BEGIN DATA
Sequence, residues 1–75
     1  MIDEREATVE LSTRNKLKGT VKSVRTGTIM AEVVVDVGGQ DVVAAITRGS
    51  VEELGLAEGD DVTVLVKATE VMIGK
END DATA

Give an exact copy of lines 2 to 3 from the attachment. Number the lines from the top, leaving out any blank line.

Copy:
     1  MIDEREATVE LSTRNKLKGT VKSVRTGTIM AEVVVDVGGQ DVVAAITRGS
    51  VEELGLAEGD DVTVLVKATE VMIGK